Twenty years ago, if you worked in another country as a relief worker, you were considered a hero to the people in that country. Today, that Red Cross on your truck could be a target, and no one knows this better than Richard Stearns, president of World Vision. Earlier this year, two World Vision workers were killed while working in Sudan, and for the past several years, the Christian relief organization annually has had at least one staff member murdered while serving abroad.
This was just one of the things I learned in a wide-ranging conversation I had with Rich recently.
World Vision began in 1950 when a bear of a man named Bob Pierce visited orphanages in Korea after that peninsula nation’s civil war. He was so touched by what he saw that he started a small ministry influenced by a prayer he wrote on the flyleaf of his Bible: “Let my heart be broken by the things that break the heart of God.” Today, World Vision is one of the world’s largest humanitarian organizations, operating in more than 100 countries with 44,000 full-time employees whose work touches more than 100 million people. It’s an organization I’ve always respected not only because it focuses on children and families, but because it shares my belief that the gospel involves both show and tell. Or as Rich put it in his first book, The Hole in the Gospel, “God’s love was intended to be demonstrated, not dictated.”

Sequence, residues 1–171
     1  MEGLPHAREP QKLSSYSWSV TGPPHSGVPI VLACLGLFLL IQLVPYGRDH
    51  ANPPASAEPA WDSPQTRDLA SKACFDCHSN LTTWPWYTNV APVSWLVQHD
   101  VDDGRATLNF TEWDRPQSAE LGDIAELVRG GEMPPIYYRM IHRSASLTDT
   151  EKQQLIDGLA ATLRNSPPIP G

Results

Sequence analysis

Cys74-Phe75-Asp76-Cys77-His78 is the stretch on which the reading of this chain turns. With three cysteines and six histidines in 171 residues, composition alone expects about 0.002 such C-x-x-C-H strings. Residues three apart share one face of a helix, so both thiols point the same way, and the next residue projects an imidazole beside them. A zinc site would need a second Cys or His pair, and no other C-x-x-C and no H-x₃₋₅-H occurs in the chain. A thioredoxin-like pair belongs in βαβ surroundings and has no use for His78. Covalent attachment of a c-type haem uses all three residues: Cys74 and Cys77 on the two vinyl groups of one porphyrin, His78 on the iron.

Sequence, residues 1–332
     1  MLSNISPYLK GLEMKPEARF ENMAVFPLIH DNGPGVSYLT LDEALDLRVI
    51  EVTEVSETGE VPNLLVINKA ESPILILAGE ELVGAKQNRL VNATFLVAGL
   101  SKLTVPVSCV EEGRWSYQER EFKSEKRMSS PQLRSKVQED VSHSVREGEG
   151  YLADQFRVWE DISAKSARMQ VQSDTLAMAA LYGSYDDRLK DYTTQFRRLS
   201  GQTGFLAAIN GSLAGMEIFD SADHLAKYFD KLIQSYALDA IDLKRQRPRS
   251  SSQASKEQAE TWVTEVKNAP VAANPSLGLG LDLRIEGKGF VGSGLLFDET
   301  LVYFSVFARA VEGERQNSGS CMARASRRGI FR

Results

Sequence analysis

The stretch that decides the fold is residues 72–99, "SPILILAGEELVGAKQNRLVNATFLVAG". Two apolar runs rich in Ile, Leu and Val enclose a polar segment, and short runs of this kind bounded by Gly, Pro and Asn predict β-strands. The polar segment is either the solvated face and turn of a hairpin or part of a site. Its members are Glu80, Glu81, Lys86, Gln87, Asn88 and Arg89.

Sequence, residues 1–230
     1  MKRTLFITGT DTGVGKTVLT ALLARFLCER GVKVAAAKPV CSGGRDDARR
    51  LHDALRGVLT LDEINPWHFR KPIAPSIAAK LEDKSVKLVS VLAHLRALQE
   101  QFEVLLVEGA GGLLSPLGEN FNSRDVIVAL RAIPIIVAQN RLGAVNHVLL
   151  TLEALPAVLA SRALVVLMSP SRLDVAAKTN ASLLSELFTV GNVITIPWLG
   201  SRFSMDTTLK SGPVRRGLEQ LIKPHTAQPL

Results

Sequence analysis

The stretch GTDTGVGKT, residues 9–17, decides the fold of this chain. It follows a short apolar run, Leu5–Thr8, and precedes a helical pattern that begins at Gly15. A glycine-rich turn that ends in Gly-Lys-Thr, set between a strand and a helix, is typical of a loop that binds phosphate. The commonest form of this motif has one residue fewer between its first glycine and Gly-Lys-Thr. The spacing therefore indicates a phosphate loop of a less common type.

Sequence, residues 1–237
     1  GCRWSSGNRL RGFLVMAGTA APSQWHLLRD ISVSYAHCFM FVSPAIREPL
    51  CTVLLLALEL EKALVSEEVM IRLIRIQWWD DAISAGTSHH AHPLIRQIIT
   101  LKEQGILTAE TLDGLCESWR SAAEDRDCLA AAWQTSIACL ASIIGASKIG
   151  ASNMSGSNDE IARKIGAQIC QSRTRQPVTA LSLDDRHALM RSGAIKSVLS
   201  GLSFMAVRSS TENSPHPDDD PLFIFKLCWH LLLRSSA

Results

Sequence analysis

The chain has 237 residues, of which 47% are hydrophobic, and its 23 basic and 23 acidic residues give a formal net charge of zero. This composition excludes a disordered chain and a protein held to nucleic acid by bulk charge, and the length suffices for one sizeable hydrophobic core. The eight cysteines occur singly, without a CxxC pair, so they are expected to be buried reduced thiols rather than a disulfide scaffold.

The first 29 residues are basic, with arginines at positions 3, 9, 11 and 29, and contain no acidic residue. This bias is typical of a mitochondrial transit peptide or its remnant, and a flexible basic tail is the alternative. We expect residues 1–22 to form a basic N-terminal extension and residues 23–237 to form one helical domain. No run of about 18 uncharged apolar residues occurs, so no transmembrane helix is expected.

In my own organization, well-meaning Christians sometimes refer to our work of providing social services to children and families as “little ‘e’ evangelism.” The implication being that those who preach and proclaim the gospel are doing “big E” or real evangelism. As Rich explained, American Christians need to put their actions where their doctrine is.
“If your gospel doesn’t include tangible expressions of compassion and standing up for justice, then there’s a hole in your gospel.”
As leaders of faith-based organizations, Rich and I are deeply concerned about efforts by the government to force us to hire people who do not share our faith and mission values. Because World Vision successfully fought this battle in the courts, I asked him to comment on the issue, and I think you’ll be surprised at his take on “discrimination.”
In his new book, Unfinished, Rich helps all of us who follow Christ discover ways that we can actively live out the whole gospel. It’s a challenging and inspiring book that I would recommend to any Christian who goes to church, reads the Bible, yet still feels something’s missing. In our conversation, Rich talks about his book, World Vision’s partnership with churches, and why he describes the work of World Vision as “stump pulling.”